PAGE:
Electro-chemo-mechanical evolution of sulfide solid electrolyte/Li metal interfaces: operando analysis and ALD interlayer effects†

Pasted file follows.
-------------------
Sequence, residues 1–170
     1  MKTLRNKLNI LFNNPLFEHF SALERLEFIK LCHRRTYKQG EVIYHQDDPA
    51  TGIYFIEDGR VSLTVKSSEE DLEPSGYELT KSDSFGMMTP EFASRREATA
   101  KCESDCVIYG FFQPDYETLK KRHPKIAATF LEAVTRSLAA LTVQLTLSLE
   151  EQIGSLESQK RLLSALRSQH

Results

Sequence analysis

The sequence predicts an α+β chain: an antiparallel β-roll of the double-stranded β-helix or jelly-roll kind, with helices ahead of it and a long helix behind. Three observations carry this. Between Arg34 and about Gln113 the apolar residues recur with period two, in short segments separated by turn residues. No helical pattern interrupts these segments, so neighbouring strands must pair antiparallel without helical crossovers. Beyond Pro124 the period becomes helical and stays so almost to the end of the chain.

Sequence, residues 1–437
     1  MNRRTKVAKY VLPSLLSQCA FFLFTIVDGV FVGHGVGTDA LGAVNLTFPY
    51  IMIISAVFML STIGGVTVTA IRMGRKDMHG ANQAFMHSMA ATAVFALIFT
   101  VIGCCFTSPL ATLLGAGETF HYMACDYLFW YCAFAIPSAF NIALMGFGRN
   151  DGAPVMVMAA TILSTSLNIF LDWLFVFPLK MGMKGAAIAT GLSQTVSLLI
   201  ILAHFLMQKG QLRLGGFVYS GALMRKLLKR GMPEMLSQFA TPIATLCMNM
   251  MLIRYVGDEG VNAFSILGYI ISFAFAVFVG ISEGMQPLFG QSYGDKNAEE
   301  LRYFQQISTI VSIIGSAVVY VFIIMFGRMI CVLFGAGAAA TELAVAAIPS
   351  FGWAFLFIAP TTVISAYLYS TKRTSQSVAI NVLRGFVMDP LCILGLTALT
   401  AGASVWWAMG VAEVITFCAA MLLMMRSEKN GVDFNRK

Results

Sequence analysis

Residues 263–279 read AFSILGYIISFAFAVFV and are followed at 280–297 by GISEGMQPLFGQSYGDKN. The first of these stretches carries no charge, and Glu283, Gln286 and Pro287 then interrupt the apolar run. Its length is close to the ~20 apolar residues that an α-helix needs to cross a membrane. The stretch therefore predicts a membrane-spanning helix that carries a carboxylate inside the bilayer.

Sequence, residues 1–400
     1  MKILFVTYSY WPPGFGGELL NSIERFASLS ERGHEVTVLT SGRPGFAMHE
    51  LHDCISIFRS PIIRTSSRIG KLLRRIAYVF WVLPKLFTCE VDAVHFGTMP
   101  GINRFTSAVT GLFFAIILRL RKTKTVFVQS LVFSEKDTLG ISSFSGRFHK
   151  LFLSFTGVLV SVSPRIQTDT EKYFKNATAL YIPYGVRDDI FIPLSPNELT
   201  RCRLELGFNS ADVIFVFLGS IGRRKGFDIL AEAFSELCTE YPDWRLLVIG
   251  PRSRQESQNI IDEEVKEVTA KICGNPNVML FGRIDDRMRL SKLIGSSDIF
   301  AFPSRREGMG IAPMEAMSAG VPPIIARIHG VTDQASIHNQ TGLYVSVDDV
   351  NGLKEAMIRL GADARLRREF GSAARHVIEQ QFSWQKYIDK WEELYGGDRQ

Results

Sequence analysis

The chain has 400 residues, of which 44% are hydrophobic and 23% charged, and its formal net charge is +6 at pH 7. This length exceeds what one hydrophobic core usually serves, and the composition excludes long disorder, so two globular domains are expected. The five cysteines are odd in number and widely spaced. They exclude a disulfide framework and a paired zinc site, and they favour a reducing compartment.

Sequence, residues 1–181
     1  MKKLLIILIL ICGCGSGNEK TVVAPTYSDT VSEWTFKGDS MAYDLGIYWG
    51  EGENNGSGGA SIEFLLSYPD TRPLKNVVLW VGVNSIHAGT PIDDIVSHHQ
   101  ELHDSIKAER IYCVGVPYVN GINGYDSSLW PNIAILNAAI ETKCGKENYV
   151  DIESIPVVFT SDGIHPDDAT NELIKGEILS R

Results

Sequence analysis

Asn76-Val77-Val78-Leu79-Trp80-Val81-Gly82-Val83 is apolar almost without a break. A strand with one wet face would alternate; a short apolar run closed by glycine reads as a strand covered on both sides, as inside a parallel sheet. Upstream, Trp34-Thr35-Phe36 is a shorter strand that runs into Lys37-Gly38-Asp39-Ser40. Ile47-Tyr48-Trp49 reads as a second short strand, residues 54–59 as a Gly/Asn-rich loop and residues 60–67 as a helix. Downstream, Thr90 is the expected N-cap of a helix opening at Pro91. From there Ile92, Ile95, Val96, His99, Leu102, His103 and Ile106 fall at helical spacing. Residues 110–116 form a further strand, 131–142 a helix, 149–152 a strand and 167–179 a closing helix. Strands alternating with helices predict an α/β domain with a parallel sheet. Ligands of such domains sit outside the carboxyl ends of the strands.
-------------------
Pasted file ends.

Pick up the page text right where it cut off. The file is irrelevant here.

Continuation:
Sulfide solid electrolyte (SE) materials show promise for high-performance solid-state batteries because of their high ionic conductivity and ease of processing. However, several sulfide electrolytes have suffered from chemical and electrochemical instability against Li metal anodes. Herein, we use a suite of operando microscopy and spectroscopy techniques to study the impact of artificial solid electrolyte interphases (SEI) on the electro-chemo-mechanical degradation of Li10GeP2S12 (LGPS) solid electrolytes. Al2O3 interlayers deposited using atomic layer deposition (ALD) are used as a model system to show that the application of artificial SEI interlayers can delay degradation at the Li/LGPS interface by modifying the solid electrolyte interphase chemistry and morphology. Optical and scanning electron microscopy are used to rationalize the electrochemical response of the system, which is attributed to a delayed onset of mechanical degradation at the interface when ALD interlayers are used. Operando X-ray photoelectron spectroscopy demonstrates that the dynamic evolution of SEI chemistry is impacted by the presence of the ALD interlayer. Auger electron spectroscopy and operando optical microscopy provide visual evidence of spatial heterogeneity of Li plating, which is attributed to the chemo-mechanical degradation of the ALD interphase. The implications of these observations provide valuable insights toward the development of robust interlayers for solid-state batteries.